Local supporters of the project expressed frustration over the lost economic opportunity. "This was the kind of innovative, job-creating project that originally was supported by the Governor. Jay Inslee stood on Kalama's waterfront to tout the climate benefits of the project, then turned on us when he ran for president," said Port Director Mark Wilson in a statement. "All the state has accomplished is to encourage more severe greenhouse gas emissions outside the borders of Washington and declare a false climate victory."
The methanol from the plant would have been exported to chemical manufacturers and other industrial users in Asia, and its positive environmental impact globally was one of its selling points. In its permit applications, NWIWK said the gas-based methanol would reduce carbon emissions by up to 90% if it was used in place of methanol produced from coal.
One study conducted for NWIWK, the Port of Kalama, and Cowlitz County by Life Cycle Analysis found that, on a global basis, the plant would reduce CO2e emissions by as much as 6 million mt per year, due to the substitution of methanol produced from coal. That study was accepted by the Department of Ecology as part of its environmental analysis.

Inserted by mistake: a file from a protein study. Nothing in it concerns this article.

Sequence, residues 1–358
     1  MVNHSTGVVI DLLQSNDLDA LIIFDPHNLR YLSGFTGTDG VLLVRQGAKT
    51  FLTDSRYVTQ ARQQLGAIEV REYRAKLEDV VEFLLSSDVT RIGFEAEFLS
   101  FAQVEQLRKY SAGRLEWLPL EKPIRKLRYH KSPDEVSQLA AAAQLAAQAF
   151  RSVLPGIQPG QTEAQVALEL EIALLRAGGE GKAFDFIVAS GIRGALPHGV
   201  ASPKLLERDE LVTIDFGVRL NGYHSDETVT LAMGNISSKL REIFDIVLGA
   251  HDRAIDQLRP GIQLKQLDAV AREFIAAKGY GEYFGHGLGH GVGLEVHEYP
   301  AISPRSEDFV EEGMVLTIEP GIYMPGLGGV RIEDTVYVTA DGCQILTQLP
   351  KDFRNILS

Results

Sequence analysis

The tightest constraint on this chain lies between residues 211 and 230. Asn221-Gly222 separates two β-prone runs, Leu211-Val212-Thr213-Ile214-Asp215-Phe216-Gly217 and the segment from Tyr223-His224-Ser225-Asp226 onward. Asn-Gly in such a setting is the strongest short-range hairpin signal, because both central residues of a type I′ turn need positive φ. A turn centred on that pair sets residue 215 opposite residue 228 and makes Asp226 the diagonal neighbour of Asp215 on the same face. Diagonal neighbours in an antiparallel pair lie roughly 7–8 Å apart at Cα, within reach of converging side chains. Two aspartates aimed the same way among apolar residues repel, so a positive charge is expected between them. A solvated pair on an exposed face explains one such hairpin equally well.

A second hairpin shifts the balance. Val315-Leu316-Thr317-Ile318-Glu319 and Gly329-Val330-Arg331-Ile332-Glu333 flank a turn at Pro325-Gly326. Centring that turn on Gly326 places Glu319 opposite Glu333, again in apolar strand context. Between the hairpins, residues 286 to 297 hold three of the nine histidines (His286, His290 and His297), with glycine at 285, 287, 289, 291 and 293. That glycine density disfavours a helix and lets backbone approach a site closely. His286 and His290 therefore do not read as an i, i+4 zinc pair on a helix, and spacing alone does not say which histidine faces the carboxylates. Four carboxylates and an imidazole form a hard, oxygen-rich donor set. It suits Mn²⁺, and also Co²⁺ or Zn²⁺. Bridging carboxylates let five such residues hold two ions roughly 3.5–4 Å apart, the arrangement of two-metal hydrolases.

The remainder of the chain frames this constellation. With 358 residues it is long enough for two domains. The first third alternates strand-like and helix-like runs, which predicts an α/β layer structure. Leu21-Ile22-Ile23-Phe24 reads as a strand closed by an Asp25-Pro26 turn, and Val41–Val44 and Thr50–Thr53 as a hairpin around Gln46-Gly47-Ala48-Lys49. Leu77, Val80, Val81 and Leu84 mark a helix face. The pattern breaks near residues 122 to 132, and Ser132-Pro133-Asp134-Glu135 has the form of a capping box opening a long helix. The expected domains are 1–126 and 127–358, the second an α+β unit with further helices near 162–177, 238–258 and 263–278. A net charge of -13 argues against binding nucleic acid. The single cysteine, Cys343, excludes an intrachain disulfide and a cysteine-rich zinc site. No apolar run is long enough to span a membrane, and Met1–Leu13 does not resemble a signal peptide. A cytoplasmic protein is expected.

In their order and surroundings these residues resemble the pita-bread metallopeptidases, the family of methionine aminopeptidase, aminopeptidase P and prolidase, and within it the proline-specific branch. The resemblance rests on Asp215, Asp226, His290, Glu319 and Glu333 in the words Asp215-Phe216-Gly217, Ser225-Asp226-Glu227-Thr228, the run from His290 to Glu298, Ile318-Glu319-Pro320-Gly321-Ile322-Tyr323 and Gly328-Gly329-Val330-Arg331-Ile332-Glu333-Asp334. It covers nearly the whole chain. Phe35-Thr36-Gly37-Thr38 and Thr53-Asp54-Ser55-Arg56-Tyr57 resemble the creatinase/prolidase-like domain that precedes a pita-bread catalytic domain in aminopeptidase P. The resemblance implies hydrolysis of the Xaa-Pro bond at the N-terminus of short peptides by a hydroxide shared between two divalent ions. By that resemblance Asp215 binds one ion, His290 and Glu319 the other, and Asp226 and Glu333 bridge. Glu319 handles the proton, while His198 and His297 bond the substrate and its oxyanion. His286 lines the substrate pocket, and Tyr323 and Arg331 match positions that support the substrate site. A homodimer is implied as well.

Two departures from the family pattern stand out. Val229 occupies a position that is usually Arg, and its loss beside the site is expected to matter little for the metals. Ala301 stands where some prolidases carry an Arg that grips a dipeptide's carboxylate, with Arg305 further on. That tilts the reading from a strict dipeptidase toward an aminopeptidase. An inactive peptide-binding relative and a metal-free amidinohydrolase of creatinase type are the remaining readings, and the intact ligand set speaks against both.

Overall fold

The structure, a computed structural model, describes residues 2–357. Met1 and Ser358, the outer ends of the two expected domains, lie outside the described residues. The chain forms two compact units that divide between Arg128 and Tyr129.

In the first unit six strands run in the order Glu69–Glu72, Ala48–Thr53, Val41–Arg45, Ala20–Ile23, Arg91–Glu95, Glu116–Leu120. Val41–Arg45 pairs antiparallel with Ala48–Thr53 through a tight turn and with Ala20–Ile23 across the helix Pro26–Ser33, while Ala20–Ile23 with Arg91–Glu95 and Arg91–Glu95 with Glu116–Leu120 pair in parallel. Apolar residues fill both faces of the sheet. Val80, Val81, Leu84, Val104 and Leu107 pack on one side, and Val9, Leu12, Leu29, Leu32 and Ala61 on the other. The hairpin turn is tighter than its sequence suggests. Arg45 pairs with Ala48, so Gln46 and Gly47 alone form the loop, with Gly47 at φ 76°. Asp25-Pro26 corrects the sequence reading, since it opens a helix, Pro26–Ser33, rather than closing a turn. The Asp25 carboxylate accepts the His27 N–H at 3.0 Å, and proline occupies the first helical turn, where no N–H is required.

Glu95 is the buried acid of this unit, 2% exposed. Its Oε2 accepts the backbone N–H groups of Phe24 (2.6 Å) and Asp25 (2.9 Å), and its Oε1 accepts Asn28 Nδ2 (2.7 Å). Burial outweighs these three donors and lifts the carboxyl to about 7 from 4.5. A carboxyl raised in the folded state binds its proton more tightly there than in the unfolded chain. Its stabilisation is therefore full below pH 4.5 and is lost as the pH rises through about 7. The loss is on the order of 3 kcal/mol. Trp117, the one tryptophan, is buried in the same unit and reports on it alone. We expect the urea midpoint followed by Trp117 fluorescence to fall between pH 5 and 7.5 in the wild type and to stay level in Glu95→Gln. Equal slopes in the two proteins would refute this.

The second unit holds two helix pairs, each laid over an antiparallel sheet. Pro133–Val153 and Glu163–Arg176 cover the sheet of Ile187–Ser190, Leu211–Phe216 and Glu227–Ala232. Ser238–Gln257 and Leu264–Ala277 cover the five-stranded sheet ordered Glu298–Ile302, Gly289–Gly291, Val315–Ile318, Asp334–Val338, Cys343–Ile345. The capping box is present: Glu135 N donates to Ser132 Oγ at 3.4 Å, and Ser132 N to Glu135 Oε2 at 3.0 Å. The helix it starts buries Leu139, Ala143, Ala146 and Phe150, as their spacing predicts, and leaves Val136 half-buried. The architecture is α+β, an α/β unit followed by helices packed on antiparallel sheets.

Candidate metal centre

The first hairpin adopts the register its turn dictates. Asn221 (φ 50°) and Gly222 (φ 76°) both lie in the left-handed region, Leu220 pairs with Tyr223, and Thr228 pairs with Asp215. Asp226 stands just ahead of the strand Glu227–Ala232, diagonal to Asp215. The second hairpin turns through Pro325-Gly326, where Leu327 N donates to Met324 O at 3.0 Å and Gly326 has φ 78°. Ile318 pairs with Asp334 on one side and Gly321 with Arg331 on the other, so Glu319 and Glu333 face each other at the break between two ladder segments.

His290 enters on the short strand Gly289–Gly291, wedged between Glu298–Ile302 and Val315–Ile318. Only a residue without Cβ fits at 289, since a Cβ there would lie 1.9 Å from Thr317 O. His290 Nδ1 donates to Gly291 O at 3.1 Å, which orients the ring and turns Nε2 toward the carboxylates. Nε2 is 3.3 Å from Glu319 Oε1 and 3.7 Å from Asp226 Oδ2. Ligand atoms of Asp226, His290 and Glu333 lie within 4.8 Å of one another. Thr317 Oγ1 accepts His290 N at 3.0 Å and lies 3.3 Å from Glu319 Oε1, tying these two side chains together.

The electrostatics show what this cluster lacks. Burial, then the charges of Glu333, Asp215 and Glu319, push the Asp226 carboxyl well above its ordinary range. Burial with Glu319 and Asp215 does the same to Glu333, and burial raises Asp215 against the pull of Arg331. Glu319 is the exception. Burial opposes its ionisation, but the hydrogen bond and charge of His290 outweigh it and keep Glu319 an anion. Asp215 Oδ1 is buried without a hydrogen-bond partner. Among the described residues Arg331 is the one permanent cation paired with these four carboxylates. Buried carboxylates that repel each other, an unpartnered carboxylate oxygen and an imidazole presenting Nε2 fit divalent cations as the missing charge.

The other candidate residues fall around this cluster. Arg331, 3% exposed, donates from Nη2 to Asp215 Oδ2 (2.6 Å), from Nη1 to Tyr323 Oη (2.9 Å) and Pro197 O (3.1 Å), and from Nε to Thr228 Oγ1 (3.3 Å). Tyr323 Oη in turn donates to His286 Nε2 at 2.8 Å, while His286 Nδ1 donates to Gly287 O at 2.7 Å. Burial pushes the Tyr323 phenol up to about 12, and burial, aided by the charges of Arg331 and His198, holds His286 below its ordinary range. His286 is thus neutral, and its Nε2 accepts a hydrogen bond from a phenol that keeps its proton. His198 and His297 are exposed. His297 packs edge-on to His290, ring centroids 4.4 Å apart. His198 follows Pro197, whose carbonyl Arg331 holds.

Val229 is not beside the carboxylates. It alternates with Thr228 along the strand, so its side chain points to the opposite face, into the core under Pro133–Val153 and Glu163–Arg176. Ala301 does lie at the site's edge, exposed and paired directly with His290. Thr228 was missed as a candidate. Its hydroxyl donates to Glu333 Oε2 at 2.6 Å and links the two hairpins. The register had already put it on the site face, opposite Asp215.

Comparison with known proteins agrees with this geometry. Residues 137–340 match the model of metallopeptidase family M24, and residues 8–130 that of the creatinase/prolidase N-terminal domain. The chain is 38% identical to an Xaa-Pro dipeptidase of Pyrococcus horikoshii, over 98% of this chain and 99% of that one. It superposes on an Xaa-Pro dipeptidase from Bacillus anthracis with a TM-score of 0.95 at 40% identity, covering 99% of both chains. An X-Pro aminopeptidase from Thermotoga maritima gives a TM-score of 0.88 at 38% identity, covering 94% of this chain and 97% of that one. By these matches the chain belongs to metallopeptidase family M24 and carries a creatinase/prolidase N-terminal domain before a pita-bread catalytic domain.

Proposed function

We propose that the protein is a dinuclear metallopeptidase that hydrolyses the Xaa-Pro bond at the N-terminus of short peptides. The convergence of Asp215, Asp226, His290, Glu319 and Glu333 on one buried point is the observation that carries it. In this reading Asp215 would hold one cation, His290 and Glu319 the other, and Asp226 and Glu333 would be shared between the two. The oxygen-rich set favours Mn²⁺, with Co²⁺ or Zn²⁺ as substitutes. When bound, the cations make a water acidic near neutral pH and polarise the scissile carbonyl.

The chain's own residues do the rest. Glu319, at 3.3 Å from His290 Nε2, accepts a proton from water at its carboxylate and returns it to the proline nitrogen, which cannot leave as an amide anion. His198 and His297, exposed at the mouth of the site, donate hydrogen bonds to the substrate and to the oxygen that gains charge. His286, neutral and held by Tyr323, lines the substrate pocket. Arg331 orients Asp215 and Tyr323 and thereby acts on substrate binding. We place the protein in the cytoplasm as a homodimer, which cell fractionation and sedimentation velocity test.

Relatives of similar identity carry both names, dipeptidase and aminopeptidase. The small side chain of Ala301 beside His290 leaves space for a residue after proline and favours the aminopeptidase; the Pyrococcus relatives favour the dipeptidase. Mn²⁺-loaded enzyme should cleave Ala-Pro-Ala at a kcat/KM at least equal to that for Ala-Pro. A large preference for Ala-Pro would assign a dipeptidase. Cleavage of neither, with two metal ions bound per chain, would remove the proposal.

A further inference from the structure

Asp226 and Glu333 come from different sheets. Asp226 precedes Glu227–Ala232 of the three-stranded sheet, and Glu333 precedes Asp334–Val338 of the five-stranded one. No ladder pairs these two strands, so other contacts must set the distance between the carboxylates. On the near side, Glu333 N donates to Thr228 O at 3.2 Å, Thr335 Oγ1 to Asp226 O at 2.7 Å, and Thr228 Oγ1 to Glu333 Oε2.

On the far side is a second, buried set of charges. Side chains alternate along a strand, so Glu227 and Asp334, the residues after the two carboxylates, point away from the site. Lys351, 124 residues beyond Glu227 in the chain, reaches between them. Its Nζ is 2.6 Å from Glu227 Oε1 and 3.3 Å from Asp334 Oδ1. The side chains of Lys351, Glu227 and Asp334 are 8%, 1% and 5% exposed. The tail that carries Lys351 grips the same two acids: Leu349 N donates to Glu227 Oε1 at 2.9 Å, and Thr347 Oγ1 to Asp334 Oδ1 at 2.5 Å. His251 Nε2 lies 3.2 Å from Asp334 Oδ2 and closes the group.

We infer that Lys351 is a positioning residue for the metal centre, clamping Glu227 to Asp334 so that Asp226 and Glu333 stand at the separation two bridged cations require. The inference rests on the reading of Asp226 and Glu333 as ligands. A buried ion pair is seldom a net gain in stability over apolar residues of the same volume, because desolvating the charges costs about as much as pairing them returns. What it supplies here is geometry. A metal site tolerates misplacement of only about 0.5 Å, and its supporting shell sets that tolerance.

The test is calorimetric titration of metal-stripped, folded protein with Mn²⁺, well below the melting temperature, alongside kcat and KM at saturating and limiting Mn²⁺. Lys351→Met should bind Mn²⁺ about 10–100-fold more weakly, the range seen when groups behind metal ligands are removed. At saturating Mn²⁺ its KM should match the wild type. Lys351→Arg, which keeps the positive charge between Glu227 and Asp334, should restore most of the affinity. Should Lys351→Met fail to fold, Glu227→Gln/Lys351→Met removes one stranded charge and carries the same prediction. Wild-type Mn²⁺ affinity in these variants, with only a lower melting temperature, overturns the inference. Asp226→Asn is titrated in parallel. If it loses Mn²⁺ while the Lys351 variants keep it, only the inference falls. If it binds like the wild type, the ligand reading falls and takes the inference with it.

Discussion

According to the permit applications, the export terminal would have been used to load approximately 72 cargoes per year for shipping to Asia.
"The project aimed to convert natural gas into methanol for use in manufacturing plastic products like computers, clothing, plywood, and medical devices," said the Port of Kalama. "Northwest Innovation would have used a new technology to manufacture methanol, thereby meeting consumer needs while helping the world meet carbon-emission reduction targets."
Advanced technology, such as electrification of processes, plus the purchase of carbon offsets, would have mitigated all of the in-state carbon emissions, according to NWIWK, but not the emissions outside Washington state.
The Army Corps' review of the project affirmed a net reduction in GHG emissions because of displacement of coal-based methanol, but that review did not incorporate upstream GHG emissions from the production of the natural gas and the shipping of the methanol to its ultimate destinations.
Port Commissioner Troy Stariha blamed the corporate withdrawal on state agencies' demands, which he said "shifted constantly over the course of the [seven-year] process."
He added: "NWIW did everything right, and their understandable decision to pull out of this project is a real loss for families trying to make ends meet, the future of economic development in our state, and our environment."
NWIWK is owned by Shanghai Bi Ke Clean Energy Technology Co., which is a subsidiary of Chinese Academy of Sciences Holding Company. In statements to US and Chinese media over the last few years, Wu Liben, chairman of Chinese Academy, said the imported methanol might have been used to power vehicles as well as in plastics manufacturing, though the original plan indicated the plastics industry was the sole target market.
In a presentation to investors in 2018, NWIWK said demand for methanol will be driven both by the drive for lower emissions from vehicles, especially in China, and in marine applications. It said demand would increase from about 120 million mt/year in 2020, primarily for industrial uses, to as much as 720 million mt/year in 2035.